Vital Skills builds on the current interest in community resilience and "re-skilling" by bringing together the work of people who are preserving traditional hand skills in Wisconsin. In recent years local has become the watchword for many different concerns and efforts: creating sustainable food networks, maintaining healthy local economies, preserving regional traditions, and inculcating a sense of place. Being able to produce more goods locally creates jobs, economic resilience, and greater energy independence. While this focus on the local is overwhelmingly positive, it is often accompanied by a pervasive sense of gloom and doom about the future. The prospect of sudden and severe climate change, dwindling energy supplies, even worldwide economic collapse or global pandemic has created a sense of fear and uncertainty that permeates popular culture and political discourse. There's a reason zombies and vampires have captured the public imagination!
This exhibit was developed in response to these trends and the current fascination with gardening, canning, beekeeping, and DIY crafts. The revival of these domestic skills isn't difficult: most can be taught, if not mastered, in a weekend. But our cultural memory for most pre-industrial skills is far more attenuated. Becoming a proficient blacksmith, knife-maker, or cobbler takes time, commitment, and—most crucially—a teacher who can share their knowledge in person.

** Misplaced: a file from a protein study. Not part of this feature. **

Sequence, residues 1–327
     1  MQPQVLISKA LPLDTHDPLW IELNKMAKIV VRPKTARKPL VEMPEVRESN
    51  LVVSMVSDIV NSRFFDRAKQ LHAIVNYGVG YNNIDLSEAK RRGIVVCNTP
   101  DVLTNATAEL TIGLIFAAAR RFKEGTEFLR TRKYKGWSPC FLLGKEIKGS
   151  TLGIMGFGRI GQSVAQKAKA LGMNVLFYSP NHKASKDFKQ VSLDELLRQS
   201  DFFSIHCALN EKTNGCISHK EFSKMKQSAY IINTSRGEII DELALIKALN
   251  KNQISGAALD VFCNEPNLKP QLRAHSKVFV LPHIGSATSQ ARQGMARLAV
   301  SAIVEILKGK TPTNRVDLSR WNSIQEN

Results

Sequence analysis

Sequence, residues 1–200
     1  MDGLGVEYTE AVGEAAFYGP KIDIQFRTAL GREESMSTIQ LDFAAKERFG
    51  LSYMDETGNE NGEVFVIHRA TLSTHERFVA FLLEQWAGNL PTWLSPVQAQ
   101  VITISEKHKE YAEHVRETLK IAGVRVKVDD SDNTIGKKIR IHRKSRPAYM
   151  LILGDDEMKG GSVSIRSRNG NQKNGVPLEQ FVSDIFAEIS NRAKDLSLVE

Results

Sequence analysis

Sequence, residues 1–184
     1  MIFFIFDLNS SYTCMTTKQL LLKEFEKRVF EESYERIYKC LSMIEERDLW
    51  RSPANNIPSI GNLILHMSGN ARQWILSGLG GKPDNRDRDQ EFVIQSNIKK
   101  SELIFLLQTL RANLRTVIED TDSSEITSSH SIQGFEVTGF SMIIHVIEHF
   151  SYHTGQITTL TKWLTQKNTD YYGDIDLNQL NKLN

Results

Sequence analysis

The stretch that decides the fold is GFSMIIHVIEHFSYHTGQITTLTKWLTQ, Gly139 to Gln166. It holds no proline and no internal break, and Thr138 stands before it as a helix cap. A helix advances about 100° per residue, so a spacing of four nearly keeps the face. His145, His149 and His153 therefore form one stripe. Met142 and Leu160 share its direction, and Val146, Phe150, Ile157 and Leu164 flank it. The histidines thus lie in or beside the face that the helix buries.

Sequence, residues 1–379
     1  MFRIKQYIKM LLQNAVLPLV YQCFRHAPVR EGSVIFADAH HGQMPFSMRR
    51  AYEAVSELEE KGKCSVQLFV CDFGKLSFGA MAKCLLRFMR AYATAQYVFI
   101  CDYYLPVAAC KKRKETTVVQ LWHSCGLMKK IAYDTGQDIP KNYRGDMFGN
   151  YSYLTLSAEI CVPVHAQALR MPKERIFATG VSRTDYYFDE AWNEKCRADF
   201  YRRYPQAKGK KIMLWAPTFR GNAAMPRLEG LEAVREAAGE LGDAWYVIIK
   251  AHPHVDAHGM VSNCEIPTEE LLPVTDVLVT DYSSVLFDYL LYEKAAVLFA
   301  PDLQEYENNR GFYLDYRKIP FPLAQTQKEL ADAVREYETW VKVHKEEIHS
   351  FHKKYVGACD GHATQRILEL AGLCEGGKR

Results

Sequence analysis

The individuals in this show are remarkably diverse, from basketmakers and boatbuilders dedicated to saving their cultural traditions, to professional artists with craft skills like papermaking, weaving, and engraving; metalsmiths who make props for historical reenactors; and custom shoemakers, gunsmiths, and leatherworkers who cater to the luxury market. Craft skills also survive in surprising niches, like university labs devoted to hand-blown scientific glass and letterpress print shops whose primary business is wedding invitations. Vital Skills will celebrate their commitment, mastery, and deep reserve of knowledge and experience, and explore the role they might play in creating a truly resilient local economy.
Read Jody Clowes' article about this project in the winter issue of Wisconsin People & Ideas.
Vital Skills is supported in part by grants from Dane Arts and the Wisconsin Humanities Council, with funds from the National Endowment for the Humanities and the State of Wisconsin.